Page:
How is Adeno-Associated Virus Used as a Viral Vector?

What is an adeno-associated virus?

Adeno-associated virus (AAV) is a small nonpathogenic virus that lacks an envelope, and its genome is made up of linear single-stranded DNA. The AAV genome consists of two open reading frames (ORFs) which are flanked by the 145-nucleotide inverted terminal repeats (ITRs).


Image Credit: Kateryna Kon/

There are 12 human serotypes of AAV. In the absence of a helper virus, AAV-2 (serotype 2) can insert its genome into chromosome 19q13.4; this is the only example where a virus becomes latent by integrating at a specific region of the mammalian genome.

Gene therapy; curing the incurable?

When the link between DNA and inheritance/disease was made, the question of whether mutated genes can be replaced by healthy genes to cure diseases began to be discussed.

Recent advances in DNA sequencing technologies has meant that it has now become much easier and cheaper to sequence the human genome, and thus identify the potential gene(s) which are associated with certain diseases.

For diseases that are caused by changes in one gene, the use of gene therapy as a potential treatment or cure seems possible. However, the challenge is how to safely deliver an additional copy of a gene (the transgene) safely into patients.

What makes AAV an ideal gene therapy vector?

AAV has both lytic and lysogenic/latent life cycles. The presence of a helper virus, either adenovirus or herpesvirus, is required for AAV to enter the lytic life cycle; here, once AAV infects the target cell its DNA is replicated, packaged into new AAV particles and then released from the infected cell by causing it to lyse.

In the absence of a helper virus, AAV enters the lysogenic or latent life cycle, where its DNA integrates into the host cell chromosome. What makes AAV-2 unique, as mentioned above, is that it can integrate into a specific region of the human chromosome, 19q13.4, also known as AAVS1.

Studies using tissue culture have suggested that AAVS1 is a safe site for transgenes to be inserted. Therefore, having this specific integration is an ideal feature for a viral vector, as it reduces the risk of the inserted transgene unintentionally disrupting the function of another gene.

Other aspects of AAV that makes it appealing as a viral vector is that AAV is not generally a pathogen in humans and that it can persist; this means that AAV is less likely to cause problems for the patients and that the added gene will not be quickly removed.

How can AAV be used in gene therapy?

Research is being carried out to investigate whether AAV can be modified to be used as a vector for gene therapy; i.e. a gene of interest can be inserted in between the ITRs of the AAV genome, which can then become circular and packaged into recombinant AAV (rAAV) particles that can deliver the gene of interest/transgene to the AAVS1.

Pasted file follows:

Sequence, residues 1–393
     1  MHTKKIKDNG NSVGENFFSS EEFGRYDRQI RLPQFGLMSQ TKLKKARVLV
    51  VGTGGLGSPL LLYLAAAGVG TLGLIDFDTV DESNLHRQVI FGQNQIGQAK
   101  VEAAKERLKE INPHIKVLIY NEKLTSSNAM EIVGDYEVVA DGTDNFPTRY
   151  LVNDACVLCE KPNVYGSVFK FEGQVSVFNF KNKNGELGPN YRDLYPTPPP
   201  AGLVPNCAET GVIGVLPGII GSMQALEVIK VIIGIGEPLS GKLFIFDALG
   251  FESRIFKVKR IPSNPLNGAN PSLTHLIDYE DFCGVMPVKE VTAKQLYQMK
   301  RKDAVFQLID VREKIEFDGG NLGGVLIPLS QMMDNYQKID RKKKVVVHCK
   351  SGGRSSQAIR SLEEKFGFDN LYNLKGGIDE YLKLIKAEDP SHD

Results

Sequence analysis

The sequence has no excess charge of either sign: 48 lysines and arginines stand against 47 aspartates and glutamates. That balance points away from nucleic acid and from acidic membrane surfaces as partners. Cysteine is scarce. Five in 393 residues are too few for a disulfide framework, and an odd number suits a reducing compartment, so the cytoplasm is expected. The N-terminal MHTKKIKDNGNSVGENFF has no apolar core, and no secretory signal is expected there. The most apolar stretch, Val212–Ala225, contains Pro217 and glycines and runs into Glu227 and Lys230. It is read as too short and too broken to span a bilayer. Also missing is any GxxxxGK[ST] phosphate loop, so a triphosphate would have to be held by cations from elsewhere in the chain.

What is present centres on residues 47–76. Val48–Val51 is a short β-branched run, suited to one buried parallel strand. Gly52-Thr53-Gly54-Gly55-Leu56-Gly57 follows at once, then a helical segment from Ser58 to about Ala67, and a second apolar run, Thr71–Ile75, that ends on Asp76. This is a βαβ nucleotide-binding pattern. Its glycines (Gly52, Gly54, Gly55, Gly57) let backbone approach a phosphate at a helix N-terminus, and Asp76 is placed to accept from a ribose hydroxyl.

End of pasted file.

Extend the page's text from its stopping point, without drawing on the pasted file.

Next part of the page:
There are, of course, factors that need to be considered when rAAV vectors are being designed. An important consideration is the size of the target transgene; generally, it is thought that up to 5,000 bases (5kb) can be packaged into the rAAV particle, therefore rAAV may not be suitable for genes which are larger than 5kb.

It is possible, however, to design overlapping rAAV vectors in cases where the gene of interest is too large for one rAAV particle.

As mentioned above, AAV has a single-stranded DNA genome, but the transgene needs to be double-stranded once integrated into the chromosome. This means that when the rAAV delivers the transgene into the nucleus it must be converted to double-stranded DNA, which is considered to be the rate-limiting step in transgene expression.

One alternative method that can overcome this rate-limiting step is designing self-complementary rAAV particles so that each DNA strand of the transgene is carried by an rAAV.

These self-complementary single-stranded transgenes can then combine to form the double-stranded transgene at AAVS1. While this does shorten the time required for the transgene to be expressed, it has been found that genes larger than 3.3kb cannot be used to create complementary rAAV particles.

Clinical trials using rAAV as a gene therapy vector have used various methods to deliver the rAAV; these include systemic delivery and intramuscular delivery.

Systemic delivery is used to target the transgene at the liver in trials where the desire is to provide a replacement for a defective gene, while intramuscular delivery effectively turns the muscle into production sites for the transgene product.


Further Reading

Last Updated: Mar 26, 2020

Dr. Maho Yokoyama

Written by

Dr. Maho Yokoyama

Dr. Maho Yokoyama is a researcher and science writer. She was awarded her Ph.D. from the University of Bath, UK, following a thesis in the field of Microbiology, where she applied functional genomics to Staphylococcus aureus . During her doctoral studies, Maho collaborated with other academics on several papers and even published some of her own work in peer-reviewed scientific journals. She also presented her work at academic conferences around the world.


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